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UN: 'Convincing evidence' of Syria chemical attack

By Edith M. Lederer

Associated Press

Published: Monday, Sept. 16 2013 12:00 a.m. MDT

Chair of the Commission of Inquiry on Syria Brazilian Paulo Pinheiro informs the media during a press conference after presenting the Commission's report to the 24th session of the Human Rights Council at the European headquarters of the United Nations in Geneva, Switzerland, Monday, Sept. 16, 2013.

Keystone, Salvatore Di Nolfi, Associated Press

UNITED NATIONS — U.N. inspectors said Monday there is "clear and convincing evidence" that chemical weapons were used on a relatively large scale in an attack last month in Syria that killed hundreds of people.

The findings represent the first official confirmation by scientific experts that chemical weapons were used in Syria's civil war, but the report left the key question of who launched the attack unanswered.

The rebels and their U.S. and Western supporters have said the regime of President Bashar Assad was behind the Aug. 21 attack, while the Syrian government and its closest ally, Russia, blame the rebels.

U.S., British and French diplomats said the findings of the U.N. inspectors supported their conclusion that Assad regime was to blame. Russia disagreed.

Secretary of State John Kerry briefed U.S. allies on a broad agreement reached over the weekend with Russia to end Syria's chemical weapons program, pressing for broad support for the plan that averted U.S. military strikes. Kerry met in Paris with his counterparts from France, Britain, Turkey and Saudi Arabia before seeking a U.N. resolution that would detail how the international community can secure and destroy Syria's stockpile and precursor chemicals.

As a sign of possible difficulties ahead, Kerry and Russian Foreign Minister Sergey Lavrov sparred Monday over possible military action if Syria doesn't abandon its chemical weapons.

And in Geneva, the chairman of a U.N. war crimes panel said it is investigating 14 suspected chemical attacks in Syria, dramatically escalating the stakes. Paulo Sergio Pinheiro said the panel had not pinpointed the chemical used or who is responsible.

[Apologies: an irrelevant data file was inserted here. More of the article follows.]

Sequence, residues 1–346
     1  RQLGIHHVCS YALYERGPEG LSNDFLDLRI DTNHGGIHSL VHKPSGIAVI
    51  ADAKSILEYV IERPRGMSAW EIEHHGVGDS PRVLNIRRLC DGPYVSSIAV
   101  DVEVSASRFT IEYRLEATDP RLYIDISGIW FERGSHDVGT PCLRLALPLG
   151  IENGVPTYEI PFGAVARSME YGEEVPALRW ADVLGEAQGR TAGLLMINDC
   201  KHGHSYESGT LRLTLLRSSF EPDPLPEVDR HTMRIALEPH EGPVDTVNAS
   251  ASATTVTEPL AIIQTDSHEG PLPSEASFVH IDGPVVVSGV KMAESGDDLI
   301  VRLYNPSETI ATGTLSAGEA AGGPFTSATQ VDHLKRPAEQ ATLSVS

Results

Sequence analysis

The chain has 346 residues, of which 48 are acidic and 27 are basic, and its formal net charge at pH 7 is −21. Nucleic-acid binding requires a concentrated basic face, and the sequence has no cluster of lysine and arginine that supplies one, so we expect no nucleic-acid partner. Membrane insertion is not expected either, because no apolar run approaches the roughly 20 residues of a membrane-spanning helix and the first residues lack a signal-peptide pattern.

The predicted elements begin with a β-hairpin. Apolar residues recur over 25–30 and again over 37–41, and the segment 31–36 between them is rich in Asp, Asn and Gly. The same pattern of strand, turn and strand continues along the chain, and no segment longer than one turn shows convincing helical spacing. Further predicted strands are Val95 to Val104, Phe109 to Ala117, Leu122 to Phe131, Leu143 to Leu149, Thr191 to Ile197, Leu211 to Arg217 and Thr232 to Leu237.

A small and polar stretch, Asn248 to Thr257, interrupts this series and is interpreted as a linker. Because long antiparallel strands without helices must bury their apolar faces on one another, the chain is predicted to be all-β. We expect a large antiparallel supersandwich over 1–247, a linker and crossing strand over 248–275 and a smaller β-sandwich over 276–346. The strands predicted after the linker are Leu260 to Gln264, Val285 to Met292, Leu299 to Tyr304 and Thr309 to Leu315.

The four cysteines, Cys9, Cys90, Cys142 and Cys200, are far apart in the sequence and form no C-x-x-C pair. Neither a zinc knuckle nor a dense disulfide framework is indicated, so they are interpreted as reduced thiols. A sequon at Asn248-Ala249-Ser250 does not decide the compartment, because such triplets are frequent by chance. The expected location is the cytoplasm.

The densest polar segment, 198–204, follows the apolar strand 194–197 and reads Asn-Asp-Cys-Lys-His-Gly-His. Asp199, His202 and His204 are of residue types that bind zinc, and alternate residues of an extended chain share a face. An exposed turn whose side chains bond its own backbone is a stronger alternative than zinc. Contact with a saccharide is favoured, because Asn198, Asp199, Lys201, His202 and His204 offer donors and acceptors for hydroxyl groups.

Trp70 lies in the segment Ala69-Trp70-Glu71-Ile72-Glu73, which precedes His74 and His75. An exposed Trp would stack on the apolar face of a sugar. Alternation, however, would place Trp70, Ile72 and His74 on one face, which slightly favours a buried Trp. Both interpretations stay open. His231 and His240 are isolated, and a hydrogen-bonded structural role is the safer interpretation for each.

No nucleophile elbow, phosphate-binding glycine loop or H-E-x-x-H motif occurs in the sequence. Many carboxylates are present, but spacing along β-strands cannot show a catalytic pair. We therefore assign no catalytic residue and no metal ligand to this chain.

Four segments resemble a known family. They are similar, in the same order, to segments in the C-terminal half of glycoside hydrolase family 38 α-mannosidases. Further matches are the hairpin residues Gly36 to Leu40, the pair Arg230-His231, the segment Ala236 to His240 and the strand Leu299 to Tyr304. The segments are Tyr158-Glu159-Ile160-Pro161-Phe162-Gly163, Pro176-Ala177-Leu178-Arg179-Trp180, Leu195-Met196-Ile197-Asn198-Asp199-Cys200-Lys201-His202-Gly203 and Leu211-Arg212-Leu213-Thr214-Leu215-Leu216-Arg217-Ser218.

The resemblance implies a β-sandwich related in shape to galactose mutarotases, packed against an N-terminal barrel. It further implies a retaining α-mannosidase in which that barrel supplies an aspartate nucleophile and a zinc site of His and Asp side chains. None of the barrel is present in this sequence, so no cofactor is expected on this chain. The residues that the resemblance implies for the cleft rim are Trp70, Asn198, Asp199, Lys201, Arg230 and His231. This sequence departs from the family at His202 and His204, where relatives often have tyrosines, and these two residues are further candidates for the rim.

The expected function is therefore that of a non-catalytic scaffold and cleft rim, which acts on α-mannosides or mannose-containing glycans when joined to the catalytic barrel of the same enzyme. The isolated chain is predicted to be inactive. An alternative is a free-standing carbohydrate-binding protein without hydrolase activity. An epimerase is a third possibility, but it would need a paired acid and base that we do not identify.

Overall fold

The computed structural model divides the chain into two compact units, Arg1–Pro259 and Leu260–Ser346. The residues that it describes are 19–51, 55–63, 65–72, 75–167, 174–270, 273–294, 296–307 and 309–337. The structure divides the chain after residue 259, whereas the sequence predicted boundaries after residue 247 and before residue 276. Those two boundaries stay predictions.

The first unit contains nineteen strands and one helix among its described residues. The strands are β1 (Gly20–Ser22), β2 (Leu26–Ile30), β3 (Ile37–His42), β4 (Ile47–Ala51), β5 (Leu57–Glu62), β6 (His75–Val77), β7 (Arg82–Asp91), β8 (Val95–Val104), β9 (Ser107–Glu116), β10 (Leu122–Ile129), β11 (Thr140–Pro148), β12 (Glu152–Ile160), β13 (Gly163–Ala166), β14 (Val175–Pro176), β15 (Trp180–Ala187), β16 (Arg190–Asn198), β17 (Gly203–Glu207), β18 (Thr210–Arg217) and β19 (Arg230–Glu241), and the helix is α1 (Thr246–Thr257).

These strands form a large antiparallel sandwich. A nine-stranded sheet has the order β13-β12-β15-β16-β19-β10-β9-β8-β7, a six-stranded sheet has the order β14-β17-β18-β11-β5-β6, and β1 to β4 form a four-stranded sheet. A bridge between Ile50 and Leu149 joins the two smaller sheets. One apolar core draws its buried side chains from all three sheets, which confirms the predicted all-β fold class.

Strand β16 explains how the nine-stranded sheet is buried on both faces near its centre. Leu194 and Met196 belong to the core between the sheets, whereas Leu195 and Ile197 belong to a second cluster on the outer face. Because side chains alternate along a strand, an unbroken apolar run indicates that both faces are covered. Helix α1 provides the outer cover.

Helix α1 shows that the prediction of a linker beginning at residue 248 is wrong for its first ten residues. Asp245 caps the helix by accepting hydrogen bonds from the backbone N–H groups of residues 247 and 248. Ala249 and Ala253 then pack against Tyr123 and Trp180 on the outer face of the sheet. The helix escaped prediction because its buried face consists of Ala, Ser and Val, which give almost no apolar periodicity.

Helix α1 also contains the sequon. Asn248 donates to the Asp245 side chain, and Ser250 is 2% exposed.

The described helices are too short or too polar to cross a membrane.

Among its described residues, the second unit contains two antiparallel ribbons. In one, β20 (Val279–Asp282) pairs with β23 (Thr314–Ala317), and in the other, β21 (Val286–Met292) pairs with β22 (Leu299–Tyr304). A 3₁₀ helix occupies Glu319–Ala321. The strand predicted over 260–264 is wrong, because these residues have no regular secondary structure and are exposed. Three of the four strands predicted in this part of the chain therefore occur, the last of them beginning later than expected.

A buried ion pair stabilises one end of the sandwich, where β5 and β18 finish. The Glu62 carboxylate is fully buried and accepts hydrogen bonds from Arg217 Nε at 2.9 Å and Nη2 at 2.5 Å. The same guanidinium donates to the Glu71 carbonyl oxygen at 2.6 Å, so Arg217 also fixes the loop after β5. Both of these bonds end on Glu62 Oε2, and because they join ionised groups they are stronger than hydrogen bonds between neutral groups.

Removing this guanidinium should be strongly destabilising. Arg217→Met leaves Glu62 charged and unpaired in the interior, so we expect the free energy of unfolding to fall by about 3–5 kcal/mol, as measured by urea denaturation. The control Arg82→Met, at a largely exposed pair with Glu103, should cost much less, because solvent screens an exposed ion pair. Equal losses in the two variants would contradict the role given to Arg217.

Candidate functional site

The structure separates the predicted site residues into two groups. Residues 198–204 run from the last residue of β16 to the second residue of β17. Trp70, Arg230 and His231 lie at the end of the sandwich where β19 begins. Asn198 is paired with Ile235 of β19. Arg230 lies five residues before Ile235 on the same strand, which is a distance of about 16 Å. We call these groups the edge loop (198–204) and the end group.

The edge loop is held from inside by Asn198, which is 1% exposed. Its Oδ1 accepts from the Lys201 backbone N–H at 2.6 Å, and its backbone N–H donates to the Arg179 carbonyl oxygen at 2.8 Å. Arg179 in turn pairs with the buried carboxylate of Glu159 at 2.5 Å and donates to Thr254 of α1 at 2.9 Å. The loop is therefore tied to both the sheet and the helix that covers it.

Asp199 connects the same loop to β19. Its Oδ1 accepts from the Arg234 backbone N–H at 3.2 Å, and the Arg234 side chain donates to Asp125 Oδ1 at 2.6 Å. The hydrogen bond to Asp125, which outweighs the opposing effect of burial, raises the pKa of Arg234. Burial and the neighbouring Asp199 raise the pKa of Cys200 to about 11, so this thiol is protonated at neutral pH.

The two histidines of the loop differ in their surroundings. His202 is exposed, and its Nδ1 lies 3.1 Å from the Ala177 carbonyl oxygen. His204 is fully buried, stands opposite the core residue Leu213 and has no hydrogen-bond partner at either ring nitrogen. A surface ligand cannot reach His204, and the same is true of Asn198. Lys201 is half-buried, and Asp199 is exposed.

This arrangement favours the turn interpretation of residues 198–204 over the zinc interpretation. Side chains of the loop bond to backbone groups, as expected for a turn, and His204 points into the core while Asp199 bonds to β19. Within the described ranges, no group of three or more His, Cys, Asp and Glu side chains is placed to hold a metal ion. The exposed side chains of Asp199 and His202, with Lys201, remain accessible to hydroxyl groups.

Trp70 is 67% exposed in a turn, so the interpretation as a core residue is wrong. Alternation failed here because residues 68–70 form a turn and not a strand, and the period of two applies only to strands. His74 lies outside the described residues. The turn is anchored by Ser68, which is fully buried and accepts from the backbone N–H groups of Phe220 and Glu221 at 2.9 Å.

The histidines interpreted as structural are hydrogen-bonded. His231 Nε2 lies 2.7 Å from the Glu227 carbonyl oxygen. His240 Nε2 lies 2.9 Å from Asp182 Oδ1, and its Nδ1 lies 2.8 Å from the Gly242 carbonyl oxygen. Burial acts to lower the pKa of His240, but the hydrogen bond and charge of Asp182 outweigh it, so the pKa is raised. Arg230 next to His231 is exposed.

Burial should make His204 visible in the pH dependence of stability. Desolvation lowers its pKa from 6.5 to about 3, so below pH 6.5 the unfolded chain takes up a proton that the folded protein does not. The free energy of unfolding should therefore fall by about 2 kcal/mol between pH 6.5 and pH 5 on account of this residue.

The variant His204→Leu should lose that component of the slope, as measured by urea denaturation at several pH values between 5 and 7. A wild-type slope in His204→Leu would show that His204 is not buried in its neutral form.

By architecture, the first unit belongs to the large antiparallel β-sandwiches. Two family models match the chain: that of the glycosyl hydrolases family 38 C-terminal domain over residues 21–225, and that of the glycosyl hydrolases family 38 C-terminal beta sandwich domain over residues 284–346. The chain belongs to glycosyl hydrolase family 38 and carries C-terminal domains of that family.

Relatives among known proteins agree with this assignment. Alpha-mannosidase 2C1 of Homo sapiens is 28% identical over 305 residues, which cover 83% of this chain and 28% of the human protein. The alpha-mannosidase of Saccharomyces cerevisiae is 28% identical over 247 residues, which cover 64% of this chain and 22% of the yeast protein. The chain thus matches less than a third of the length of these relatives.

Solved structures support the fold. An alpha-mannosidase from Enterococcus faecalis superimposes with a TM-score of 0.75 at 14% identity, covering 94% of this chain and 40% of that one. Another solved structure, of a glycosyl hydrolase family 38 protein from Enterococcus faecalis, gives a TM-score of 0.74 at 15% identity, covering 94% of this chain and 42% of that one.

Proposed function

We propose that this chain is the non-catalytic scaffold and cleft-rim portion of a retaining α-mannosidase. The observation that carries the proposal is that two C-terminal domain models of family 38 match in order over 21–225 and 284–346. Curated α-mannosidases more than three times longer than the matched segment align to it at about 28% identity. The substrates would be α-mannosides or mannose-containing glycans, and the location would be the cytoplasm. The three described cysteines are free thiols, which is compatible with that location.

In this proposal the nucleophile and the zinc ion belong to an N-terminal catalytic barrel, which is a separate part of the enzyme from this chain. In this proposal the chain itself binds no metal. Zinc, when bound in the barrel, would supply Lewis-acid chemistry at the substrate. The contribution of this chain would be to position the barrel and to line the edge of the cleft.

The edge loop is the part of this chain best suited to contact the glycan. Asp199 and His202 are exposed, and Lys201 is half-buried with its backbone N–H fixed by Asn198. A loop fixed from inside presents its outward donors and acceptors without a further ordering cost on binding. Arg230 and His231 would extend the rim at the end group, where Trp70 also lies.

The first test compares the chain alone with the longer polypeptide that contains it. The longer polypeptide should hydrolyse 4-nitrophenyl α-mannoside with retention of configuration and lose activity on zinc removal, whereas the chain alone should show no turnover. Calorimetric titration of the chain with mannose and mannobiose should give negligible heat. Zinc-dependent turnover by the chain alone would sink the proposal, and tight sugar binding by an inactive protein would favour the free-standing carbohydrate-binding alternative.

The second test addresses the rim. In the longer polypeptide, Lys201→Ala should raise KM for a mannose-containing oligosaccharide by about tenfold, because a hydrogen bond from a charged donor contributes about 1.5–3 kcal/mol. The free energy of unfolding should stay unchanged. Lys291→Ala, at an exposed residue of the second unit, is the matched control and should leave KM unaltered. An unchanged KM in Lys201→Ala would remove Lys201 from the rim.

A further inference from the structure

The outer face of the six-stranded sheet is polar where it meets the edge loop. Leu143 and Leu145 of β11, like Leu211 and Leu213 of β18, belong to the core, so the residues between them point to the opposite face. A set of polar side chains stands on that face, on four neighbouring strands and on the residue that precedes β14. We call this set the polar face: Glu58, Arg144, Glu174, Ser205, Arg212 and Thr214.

Secretary-General Ban Ki-moon presented the U.N. inspectors' report to a closed meeting of the U.N. Security Council before its release.

"This is a war crime and a grave violation of ... international law," Ban told the council in remarks distributed to the press. "The results are overwhelming and indisputable. The facts speak for themselves. ... The international community has a responsibility to hold the perpetrators accountable and to ensure that chemical weapons never re-emerge as an instrument of warfare."

The inspectors' report said "the environmental, chemical and medical samples we have collected provide clear and convincing evidence that surface-to-surface rockets containing the nerve agent sarin were used ... in the Ghouta area of Damascus" on Aug. 21.

"The conclusion is that chemical weapons have been used in the ongoing conflict between the parties in the Syrian Arab Republic, also against civilians, including children, on a relatively large scale," the inspectors said in their report to Ban.

"This result leaves us with the deepest concern," they added.

Syria initially called for a U.N. investigation of an alleged chemical attack on Khan Al-Assal near Aleppo on March 19, which it blamed on the rebels. But when the U.S., Britain and France reported other alleged attacks, the secretary-general insisted on broadening the investigation, which the Syrians opposed.

After months of negotiations, an agreement was reached in August for U.N. inspectors to go to the sites of Khan Al-Assal and two other alleged attacks. But its mandate was limited, reportedly at Syria's insistence, to report on whether chemical weapons were used and if so which ones — not on who was responsible.

The rebels and their Western and Arab supporters blame President Bashar Assad's regime for the attack in the rebel-controlled area of Ghouta. The Assad regime insists that the attack was carried out by rebels. The U.N. report mentions the Ghouta areas of Ein Tarma, Moadamiyeh and Zamalka, all of which were featured in the videos of victims that emerged shortly after the attack.

The report cited a number of facts supporting its conclusion:

— Rocket fragments were found to contain sarin.

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